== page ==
More and more anti-choice legislators are fighting against rape exceptions in abortion restrictions out of the supposed concern that women will fake being raped to use them.
State Sen. Lee Bright (R) attempted to filibuster the bill because he claimed the amendments were too lenient on pregnant people.
South Carolina state Sen. Lee Bright, an ardent anti-choice Republican, filibustered a bill Thursday to ban abortion 20 weeks post-fertilization. The measure, he said, is too lenient because it included exceptions for rape, incest, and fetal anomaly.
With his announcement that he would sign a 20-week abortion ban should one reach his desk, Wisconsin Gov. Scott Walker joins a slate of fervently anti-choice Republican presidential candidates who support a flatly unconstitutional law.
In Gonzales, we were handed a devastating loss that set the stage for waves of restrictive and unscientific attacks on abortion rights. Those restrictions have come to a dangerous crest with the anti-choice community’s campaign against D and E abortions.
Anti-choicers have mastered the art of minimizing the impact of abortion laws to trick the public into shrugging them off. By using this method, they are poised to restrict second-trimester abortion access in many states without a major fuss.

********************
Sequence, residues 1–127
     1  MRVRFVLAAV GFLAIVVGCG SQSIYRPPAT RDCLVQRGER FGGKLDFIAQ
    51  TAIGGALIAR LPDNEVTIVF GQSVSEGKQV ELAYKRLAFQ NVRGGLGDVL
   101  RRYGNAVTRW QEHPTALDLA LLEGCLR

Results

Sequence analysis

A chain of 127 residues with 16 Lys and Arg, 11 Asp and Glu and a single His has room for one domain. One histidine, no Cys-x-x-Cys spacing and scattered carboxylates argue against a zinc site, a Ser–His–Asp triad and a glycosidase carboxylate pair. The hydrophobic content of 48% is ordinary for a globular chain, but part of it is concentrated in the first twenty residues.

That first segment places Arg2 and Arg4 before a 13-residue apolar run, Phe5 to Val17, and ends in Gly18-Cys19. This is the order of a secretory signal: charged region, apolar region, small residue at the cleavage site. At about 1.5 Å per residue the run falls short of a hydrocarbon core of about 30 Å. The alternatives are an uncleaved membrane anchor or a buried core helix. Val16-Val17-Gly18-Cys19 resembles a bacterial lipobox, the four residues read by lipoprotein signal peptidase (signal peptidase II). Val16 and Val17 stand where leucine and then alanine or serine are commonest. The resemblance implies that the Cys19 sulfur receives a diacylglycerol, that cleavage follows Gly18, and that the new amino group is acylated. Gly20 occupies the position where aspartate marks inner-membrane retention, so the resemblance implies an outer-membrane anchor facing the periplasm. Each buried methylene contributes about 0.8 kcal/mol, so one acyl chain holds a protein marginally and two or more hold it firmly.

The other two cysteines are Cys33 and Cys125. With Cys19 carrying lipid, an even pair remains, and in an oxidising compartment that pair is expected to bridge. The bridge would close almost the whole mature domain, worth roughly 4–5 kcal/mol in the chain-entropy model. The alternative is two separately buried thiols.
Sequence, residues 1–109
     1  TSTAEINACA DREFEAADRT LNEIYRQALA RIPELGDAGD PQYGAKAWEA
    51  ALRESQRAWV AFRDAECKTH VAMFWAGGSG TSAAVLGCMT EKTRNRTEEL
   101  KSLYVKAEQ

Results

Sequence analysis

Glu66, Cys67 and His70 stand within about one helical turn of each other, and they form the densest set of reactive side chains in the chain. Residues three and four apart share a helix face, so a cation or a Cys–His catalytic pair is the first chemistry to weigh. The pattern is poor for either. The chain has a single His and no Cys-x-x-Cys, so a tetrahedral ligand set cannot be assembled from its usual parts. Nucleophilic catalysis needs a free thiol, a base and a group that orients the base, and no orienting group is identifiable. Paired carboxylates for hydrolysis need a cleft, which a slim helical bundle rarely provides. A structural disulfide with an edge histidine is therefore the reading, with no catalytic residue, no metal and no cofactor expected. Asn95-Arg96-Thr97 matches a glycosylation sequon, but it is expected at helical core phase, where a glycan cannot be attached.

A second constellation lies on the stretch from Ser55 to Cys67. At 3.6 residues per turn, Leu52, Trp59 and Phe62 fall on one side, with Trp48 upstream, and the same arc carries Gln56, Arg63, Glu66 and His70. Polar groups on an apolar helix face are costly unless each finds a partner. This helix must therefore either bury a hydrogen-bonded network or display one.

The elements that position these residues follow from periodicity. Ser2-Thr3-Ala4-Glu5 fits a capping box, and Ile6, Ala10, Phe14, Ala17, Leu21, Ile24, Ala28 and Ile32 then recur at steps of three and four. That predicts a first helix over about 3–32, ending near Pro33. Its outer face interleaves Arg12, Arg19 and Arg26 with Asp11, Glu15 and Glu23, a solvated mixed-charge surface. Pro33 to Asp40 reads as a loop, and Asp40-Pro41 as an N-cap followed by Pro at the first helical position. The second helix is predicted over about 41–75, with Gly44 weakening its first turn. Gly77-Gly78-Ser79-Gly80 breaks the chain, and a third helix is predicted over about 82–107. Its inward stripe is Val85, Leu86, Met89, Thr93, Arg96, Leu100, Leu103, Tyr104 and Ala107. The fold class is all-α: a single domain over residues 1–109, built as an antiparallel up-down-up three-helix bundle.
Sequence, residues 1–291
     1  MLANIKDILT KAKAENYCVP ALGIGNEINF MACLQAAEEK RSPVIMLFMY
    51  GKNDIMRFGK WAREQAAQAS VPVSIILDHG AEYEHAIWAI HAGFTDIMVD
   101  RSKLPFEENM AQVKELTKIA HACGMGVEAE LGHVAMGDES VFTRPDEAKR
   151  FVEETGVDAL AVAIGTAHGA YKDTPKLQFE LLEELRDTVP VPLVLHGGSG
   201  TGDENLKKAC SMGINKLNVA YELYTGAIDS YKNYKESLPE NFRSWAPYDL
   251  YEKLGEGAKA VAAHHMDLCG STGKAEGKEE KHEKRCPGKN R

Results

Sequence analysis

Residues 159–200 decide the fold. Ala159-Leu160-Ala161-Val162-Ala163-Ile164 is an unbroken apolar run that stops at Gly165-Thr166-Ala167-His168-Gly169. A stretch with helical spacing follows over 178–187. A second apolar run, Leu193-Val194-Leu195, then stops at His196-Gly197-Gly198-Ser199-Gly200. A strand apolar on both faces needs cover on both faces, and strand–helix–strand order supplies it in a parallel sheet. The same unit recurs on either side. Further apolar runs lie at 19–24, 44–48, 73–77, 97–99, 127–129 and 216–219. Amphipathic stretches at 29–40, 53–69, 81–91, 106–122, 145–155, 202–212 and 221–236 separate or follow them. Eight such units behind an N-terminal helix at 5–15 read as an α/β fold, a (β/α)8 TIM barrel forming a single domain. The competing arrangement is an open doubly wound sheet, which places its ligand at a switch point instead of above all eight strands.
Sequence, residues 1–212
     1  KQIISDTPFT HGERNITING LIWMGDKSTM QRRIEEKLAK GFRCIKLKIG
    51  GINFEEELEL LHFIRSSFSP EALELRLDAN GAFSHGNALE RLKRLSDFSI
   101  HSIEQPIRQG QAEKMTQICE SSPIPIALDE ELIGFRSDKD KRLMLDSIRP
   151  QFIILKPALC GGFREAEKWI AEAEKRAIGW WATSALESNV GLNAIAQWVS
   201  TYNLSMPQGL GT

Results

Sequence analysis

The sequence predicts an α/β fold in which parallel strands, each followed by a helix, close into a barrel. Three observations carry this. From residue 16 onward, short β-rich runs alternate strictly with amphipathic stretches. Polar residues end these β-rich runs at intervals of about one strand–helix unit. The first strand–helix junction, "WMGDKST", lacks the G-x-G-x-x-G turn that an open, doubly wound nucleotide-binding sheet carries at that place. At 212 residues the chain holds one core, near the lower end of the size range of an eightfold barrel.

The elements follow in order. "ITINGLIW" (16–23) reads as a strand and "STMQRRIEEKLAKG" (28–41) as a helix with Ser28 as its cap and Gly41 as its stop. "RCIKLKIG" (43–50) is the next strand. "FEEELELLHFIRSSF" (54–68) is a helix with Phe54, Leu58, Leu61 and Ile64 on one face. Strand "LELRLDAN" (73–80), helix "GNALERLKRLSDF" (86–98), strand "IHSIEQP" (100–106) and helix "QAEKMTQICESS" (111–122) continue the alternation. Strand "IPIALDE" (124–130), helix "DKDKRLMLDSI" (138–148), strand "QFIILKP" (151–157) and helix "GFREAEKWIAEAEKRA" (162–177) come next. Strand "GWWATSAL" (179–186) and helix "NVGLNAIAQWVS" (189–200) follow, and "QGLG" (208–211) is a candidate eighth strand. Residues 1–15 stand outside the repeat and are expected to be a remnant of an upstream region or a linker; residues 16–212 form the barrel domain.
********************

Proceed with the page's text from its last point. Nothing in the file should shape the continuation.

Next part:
The attack on Michelle Wilkins was an unfathomable act of cruelty. However, Colorado legislators must not use it as grounds for passing new feticide laws that will actually make pregnant women vulnerable to arrest and punishment.
In North Charleston, South Carolina, police officer Michael Slager has been arrested and charged with murder for the shooting death of an apparently unarmed Black man, Walter Scott. Last night, the New York Times released cellphone footage of the incident, which was taken by an anonymous bystander, that appears to contradict Slager’s version of the shooting Saturday, Rachel Maddow of MSNBC reports. [via MSNBC]
During a five-month review of more than 200 lawsuits, and interviews with lawyers and public health experts, RH Reality Check found that drug treatment for incarcerated women is inconsistent and inadequate—and in some incidents, it is fatal.
A bill banning abortions after 20 weeks passed the South Carolina House of Representatives Wednesday in an 80-27 vote.